By Natalie Hayden
Ever since I can remember, I’ve always wanted to be a mom. There was never a time I second guessed that decision, not even after I was diagnosed with Crohn’s disease at age 21 in 2005. Prior to my inflammatory bowel disease diagnosis, I was a picture of health. I never even had an ear ache growing up. I was an avid soccer and basketball player, who lived for the adrenaline rush of sports. When you’re blessed with the gift of health, you never stop and question if you’re going to feel well when you wake up in the morning. You have a feeling of invincibility and strength that is quickly taken from you the moment you find out you have a chronic illness. An illness for which there is no cure.
Facing your illness and dreams head on
I discovered I had Crohn’s disease two months after graduating from college. It was a dark and difficult time in my life. I questioned whether I would ever be able to follow my dream of becoming a television news anchor. I wondered if I would ever find someone who would love me. I felt isolated and worried that marriage and my dream of being a mother would never come to fruition. But, rather than allow the disease to take away all that I had strived and hoped for, I chose to allow my disease to be a part of me, but not all of me.
I landed my first television job three months after my diagnosis and moved eight hours away from home to Minnesota, while on 22 pills a day. I went on to work in television for a decade. I dated and fell in love, had my heart broken and realized through flare ups and hospitalizations which guys could handle being with someone who had Crohn’s disease, and which could not. I found the love of my life, got married and welcomed a son into the world 15 months ago. All this, while going through several hospitalizations, a decade of biologics, a surgery that resulted in the removal of 18 inches of my small intestine and nearly 13 years of taking on the unknown that each day brings with IBD.
How IBD gets you ready for motherhood
Here’s why IBD prepares you for motherhood. Pregnancy symptoms can be brutal. But, they have a beginning and an end. There’s a light at the end of the tunnel. The nausea, vomiting and fatigue are nothing new. When you become a mom and you battle IBD, you have a newfound reason to be strong. Your child will motivate you, inspire you and push you through the painful days. You will do everything in your power to stand up to your disease, manage it well and stay out of the hospital.
Even though motherhood can feel like groundhog day at times, the moments (both good and bad) are fleeting. You will look at your little one and at your body and be amazed at the miracle you created. You’ll go from thinking that your body is only capable of hurt, to feeling like a superwoman. It feels amazing to go the hospital for a good reason. When I got my c-section, that abdominal surgery and recovery felt like a piece of cake compared to what I had endured with my bowel resection.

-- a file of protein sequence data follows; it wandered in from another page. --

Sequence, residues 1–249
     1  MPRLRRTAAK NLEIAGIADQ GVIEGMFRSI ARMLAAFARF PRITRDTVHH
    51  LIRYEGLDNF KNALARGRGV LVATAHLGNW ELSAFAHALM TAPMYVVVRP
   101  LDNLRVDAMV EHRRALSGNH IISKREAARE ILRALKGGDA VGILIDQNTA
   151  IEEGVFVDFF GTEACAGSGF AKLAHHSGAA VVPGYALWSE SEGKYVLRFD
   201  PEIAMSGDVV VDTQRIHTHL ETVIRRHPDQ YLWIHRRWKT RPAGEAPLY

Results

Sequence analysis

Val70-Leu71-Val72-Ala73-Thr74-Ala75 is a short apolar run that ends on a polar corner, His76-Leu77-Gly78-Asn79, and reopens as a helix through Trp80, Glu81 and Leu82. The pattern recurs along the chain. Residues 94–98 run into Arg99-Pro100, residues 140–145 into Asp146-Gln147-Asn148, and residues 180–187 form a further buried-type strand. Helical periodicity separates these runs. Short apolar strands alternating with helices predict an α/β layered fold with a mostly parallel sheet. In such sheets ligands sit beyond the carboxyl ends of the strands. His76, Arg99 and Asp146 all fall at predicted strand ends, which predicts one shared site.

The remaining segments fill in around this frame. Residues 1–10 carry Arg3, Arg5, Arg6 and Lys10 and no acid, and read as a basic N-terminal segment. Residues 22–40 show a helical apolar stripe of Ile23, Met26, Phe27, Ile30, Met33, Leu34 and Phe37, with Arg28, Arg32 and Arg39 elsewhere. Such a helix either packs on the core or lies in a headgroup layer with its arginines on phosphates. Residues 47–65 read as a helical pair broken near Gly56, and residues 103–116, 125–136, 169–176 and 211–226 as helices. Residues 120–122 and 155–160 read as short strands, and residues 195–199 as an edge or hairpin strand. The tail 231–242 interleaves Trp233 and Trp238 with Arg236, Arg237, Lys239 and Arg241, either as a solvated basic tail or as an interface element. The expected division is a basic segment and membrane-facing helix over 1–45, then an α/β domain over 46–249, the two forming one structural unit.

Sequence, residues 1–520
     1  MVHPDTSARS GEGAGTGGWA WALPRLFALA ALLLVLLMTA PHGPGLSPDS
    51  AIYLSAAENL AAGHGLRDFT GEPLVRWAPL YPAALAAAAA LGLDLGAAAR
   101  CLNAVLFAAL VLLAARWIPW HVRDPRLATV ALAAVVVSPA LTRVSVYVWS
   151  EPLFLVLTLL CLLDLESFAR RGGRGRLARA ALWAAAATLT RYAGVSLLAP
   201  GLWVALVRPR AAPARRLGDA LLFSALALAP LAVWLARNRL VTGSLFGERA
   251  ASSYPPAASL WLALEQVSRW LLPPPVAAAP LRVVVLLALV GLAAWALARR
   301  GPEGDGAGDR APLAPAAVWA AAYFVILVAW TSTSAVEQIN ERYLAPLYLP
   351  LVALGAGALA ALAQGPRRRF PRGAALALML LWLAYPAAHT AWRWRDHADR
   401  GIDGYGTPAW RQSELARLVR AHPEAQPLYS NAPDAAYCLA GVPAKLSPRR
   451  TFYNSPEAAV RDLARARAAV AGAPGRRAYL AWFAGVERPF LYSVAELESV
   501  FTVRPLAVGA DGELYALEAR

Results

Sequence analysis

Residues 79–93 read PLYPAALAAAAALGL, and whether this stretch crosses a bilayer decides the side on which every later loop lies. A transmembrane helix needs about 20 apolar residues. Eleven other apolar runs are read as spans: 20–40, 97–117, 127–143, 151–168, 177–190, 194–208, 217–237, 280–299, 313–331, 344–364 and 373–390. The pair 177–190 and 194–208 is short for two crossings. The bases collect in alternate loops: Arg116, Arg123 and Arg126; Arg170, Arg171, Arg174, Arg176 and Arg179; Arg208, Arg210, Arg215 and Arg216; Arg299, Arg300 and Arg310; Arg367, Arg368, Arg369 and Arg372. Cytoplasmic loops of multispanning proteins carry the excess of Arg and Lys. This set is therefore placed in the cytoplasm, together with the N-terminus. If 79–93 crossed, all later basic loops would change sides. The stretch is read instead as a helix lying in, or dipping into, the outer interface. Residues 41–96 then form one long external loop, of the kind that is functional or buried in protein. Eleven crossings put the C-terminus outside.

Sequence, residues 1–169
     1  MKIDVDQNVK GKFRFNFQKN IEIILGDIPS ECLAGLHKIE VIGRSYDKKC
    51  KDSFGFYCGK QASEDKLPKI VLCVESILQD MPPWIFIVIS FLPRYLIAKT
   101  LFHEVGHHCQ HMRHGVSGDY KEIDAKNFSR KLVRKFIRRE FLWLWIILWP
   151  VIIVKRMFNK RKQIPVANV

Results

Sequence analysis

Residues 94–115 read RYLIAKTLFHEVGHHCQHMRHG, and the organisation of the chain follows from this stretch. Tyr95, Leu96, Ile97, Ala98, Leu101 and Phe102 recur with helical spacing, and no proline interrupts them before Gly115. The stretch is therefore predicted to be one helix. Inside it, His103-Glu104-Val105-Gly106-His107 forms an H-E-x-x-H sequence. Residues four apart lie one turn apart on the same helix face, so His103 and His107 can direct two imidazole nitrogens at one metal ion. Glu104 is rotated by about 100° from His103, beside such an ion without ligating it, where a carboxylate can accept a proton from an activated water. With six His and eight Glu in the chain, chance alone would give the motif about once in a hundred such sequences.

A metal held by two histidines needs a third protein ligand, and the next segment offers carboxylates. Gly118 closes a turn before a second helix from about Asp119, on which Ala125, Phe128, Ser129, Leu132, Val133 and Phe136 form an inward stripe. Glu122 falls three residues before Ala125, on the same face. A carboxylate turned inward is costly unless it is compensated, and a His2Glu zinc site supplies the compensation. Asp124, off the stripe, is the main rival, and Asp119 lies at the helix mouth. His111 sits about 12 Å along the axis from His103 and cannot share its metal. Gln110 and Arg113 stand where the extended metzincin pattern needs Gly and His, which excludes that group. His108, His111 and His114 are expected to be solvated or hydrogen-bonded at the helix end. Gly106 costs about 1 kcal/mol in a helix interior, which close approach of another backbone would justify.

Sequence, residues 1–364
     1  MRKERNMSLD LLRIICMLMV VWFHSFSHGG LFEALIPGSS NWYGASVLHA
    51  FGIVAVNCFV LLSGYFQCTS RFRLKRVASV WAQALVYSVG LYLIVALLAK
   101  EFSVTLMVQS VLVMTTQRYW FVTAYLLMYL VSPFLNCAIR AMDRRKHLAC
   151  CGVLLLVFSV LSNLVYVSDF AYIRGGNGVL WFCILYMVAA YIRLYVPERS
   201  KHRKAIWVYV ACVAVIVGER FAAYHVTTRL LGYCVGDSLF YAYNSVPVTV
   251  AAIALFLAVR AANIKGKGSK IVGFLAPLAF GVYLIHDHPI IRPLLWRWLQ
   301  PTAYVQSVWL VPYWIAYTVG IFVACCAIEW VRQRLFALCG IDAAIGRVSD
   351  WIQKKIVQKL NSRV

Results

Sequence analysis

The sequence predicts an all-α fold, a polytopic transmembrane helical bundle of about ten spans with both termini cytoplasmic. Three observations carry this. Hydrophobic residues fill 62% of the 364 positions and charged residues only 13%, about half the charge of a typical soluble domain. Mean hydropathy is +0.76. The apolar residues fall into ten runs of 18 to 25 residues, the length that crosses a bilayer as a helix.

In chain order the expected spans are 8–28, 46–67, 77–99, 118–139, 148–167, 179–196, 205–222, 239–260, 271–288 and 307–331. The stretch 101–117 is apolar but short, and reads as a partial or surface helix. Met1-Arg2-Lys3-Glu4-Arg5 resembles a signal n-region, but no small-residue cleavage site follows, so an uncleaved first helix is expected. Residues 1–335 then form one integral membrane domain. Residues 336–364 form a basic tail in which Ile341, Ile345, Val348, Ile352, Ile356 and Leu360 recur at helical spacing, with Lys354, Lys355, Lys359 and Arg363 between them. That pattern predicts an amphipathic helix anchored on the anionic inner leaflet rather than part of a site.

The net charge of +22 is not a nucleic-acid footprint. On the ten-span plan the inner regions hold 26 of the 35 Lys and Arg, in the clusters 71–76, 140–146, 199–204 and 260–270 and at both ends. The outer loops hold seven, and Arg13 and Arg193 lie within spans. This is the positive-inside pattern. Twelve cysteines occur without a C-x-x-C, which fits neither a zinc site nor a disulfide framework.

You are so much more than a woman with IBD. You created life. It’s an emotional journey filled with gratitude. Motherhood has enabled me to see that I am so much more than my disease. It’s empowered me. Yes, juggling a chronic illness and the fatigue and pain that comes along with it can be daunting and overwhelming, but you’ll learn to adapt. Never be afraid to communicate when you need help and be proactive when you feel symptoms creeping in. Just like you’ve grown with your illness, you’ll continue to grow as a mother. A mother who happens to have Crohn’s disease. This content is not intended to be a substitute for professional medical advice, diagnosis, or treatment. Always seek the advice of your physician or other qualified health provider with any questions you may have regarding your condition.
About Natalie Hayden
Natalie (Sparacio) Hayden, 34, is a former TV news anchor with Crohn’s disease living in St. Louis. Her mission in life is to be an advocate for those battling inflammatory bowel disease and to show that a chronic illness doesn’t have to dull your sparkle. Her blog, “Lights, Camera, Crohn’s: An Unobstructed View” covers everything from overcoming struggles to celebrating small victories. Natalie’s focus is to inspire others and connect with those battling IBD in an honest and transparent way. As a passionate health advocate, journalist, and mom, she strives to show there is more to life than your diagnosis and illness. You can follow Natalie’s journey on Instagram at @natalieannhayden.